Sustainability Dialogue in Stuttgart This year the focus was on the topic of electric mobility. More than 200 stakeholders and Daimler representatives attended the event. The participants split up into working groups to conduct intense discussions of current topics ranging from employees to integrity, data protection, automated driving, and the environment.
Over the past ten years, the Daimler Sustainability Dialogue has proven its worth as a platform for constructive discussions between Daimler and stakeholders from the political and scientific communities and society as a whole. In view of the new opportunities and challenges the automotive industry is dealing with, this discussion is more important today than ever before.
The meeting began with a creative ideation workshop. Here the stakeholders had the opportunity to work together with other experts to develop sustainable solutions for smart cities as cities of the future. By means of creativity, the collegial sharing of ideas, and playful finesse, the workshop participants created urban models of the future.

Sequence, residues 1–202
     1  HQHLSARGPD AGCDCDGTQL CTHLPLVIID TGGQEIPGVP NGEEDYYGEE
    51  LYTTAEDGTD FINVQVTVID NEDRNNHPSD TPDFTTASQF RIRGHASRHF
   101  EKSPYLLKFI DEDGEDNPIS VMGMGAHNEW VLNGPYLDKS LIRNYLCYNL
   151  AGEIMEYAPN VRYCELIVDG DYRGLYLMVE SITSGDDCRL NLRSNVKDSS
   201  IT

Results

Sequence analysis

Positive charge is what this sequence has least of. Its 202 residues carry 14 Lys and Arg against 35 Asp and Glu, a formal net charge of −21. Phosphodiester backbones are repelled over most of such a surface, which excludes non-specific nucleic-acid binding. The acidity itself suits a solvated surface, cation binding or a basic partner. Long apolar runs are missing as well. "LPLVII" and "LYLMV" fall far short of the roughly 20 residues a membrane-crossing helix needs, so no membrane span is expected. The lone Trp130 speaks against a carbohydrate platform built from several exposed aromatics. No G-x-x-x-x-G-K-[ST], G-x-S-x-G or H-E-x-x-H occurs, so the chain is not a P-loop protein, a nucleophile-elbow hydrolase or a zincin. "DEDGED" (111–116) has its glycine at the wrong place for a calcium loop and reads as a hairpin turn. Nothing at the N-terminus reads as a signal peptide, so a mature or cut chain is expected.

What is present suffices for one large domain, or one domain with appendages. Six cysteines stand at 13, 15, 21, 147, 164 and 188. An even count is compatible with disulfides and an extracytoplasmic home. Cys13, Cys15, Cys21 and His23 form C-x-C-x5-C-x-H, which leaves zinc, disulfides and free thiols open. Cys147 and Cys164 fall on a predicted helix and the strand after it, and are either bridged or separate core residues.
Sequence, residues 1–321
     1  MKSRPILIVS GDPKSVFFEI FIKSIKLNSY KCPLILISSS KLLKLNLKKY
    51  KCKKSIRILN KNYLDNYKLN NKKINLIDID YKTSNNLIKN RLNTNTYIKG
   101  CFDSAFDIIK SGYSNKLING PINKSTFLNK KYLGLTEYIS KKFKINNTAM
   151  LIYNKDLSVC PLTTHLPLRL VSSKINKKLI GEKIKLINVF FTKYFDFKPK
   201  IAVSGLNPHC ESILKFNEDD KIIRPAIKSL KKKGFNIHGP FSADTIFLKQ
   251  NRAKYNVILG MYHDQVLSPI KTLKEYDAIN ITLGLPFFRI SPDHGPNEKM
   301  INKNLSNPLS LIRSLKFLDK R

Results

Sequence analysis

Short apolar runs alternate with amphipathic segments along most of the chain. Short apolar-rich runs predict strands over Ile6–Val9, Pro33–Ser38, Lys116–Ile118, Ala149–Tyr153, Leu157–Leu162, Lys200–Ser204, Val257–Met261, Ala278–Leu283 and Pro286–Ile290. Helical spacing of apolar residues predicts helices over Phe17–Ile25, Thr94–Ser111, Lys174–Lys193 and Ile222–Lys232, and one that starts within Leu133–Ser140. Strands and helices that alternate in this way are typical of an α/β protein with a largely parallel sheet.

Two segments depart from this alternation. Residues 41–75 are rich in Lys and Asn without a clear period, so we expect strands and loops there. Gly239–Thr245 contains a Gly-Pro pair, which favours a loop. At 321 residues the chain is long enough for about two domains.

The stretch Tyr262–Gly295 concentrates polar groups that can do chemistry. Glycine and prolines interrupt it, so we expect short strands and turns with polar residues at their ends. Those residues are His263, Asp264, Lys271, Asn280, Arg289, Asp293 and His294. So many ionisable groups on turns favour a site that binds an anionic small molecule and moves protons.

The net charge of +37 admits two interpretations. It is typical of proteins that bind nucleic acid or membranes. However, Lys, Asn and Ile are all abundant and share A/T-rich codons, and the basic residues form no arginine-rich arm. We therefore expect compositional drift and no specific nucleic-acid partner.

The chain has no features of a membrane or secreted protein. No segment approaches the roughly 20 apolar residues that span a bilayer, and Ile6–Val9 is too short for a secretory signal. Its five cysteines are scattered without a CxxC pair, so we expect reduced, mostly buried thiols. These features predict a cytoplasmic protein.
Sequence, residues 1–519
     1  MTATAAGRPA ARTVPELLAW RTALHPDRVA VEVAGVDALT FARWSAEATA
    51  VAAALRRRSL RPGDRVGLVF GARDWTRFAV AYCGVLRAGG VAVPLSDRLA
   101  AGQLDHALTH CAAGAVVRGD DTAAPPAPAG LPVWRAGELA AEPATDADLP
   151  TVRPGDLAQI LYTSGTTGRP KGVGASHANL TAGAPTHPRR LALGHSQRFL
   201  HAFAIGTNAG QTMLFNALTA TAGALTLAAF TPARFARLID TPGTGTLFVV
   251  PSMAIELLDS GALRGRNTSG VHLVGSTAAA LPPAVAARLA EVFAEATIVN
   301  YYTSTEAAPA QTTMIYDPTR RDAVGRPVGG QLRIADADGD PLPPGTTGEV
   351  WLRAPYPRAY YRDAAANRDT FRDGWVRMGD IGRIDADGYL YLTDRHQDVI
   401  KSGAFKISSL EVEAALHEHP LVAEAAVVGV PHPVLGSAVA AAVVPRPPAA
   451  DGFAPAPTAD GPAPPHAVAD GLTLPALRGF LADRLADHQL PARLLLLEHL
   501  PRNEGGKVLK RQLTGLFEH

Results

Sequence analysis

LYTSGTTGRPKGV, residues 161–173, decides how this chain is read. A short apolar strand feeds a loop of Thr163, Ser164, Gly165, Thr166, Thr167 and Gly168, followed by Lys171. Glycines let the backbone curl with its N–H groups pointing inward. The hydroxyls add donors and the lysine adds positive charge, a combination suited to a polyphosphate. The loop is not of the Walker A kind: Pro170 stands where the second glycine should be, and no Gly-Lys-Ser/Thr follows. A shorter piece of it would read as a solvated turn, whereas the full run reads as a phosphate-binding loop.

The evening before the start of this year’s dialogue was devoted to the topic of electric mobility. In addition to tremendous opportunities, such as the possibility of reducing vehicles’ local CO2 footprint, electric mobility also poses huge challenges to the automotive industry. In two panel discussions, guests from the energy industry and the political community, as well as representatives of NGOs focusing on climate protection and human rights, talked about the social implications of electric mobility.
Transparency and open discussions
The second day of the Sustainability Dialogue is traditionally devoted to working groups. More than 200 participants gathered in working groups to discuss topics such as the challenges related to the environment, respect for human rights in supply chains, and the management of data and integrity-related measures. The two co-chairs of the Daimler Sustainability Board, Renata Jungo Brüngger and Ola Källenius, also participated in the dialogue and in the working groups. The core features of these working groups are open dialogue and concrete agreements that are systematically upheld and implemented.